The number of new companies being started in Britain has dropped sharply in
the biggest decline since the mid-1970s oil crisis.
77,300 fewer start-ups registered with Companies House last year than in
2007, a decline of 17.2 per cent, according to Wilkins Kennedy.
The firm says the drop in numbers is almost double that of the previous
recession. In 1991 there was an 8.6 per cent decline in new start-ups.
Lack of access to credit is cited as a key factor behind the drop in start-up
numbers. A Bank of England survey last month found that banks further reduced
the amount of available credit in the final quarter of 2008.
Does Darwin's theory apply to taxation? Colin ponders...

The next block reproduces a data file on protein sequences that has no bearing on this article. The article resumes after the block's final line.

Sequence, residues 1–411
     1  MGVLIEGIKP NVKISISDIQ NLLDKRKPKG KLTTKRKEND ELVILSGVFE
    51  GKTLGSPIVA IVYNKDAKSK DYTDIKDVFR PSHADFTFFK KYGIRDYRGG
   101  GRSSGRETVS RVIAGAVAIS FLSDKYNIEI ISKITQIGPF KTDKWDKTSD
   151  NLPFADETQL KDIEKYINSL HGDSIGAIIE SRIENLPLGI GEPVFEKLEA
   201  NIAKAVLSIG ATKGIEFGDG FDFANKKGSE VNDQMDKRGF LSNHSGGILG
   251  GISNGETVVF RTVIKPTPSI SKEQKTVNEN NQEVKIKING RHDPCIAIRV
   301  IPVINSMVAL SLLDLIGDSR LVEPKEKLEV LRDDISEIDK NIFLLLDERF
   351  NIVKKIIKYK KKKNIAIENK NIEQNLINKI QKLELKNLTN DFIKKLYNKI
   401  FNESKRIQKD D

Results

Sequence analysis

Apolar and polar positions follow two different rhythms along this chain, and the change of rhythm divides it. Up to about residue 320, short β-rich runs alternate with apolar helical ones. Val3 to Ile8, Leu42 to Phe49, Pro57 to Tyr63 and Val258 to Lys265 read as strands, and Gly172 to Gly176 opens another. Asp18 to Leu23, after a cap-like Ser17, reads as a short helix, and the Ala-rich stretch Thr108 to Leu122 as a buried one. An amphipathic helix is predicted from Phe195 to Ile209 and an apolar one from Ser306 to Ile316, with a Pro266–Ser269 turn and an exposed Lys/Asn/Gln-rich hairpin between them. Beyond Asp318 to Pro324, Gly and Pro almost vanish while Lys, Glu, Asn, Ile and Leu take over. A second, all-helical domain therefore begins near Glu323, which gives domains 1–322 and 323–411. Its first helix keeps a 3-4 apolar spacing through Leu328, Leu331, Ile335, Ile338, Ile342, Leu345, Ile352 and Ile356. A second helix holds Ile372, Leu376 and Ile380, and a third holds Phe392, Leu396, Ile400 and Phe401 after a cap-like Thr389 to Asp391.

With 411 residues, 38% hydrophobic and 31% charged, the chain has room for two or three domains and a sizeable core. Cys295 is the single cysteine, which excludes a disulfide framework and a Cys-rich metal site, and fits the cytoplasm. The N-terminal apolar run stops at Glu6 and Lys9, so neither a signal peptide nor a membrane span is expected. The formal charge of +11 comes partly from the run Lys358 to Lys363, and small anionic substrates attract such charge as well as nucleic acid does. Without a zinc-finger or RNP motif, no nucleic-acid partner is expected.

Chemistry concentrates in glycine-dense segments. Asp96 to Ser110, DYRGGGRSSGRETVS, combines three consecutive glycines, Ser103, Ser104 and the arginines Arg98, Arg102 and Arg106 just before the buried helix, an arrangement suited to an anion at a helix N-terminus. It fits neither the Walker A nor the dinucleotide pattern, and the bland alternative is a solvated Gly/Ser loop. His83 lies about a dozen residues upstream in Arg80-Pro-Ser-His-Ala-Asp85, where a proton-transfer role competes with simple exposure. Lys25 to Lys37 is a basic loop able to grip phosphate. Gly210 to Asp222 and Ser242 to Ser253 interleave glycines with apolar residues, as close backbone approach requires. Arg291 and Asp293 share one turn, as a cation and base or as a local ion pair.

"The whole idea of HMRC officials supplying confidential information about individuals to the media on a non-attributable basis is, or should be, a matter of serious concern," say Supreme Court judges
The EC has been instructed to draft a European Union (EU) directive authorising an EU financial transaction tax, which would apply to ten of the EU’s 28 member states
UK-based non-doms have paid ten times more tax than the average taxpayer, raising concerns over the Brexit impact on non-dom contributions and therefore, the economy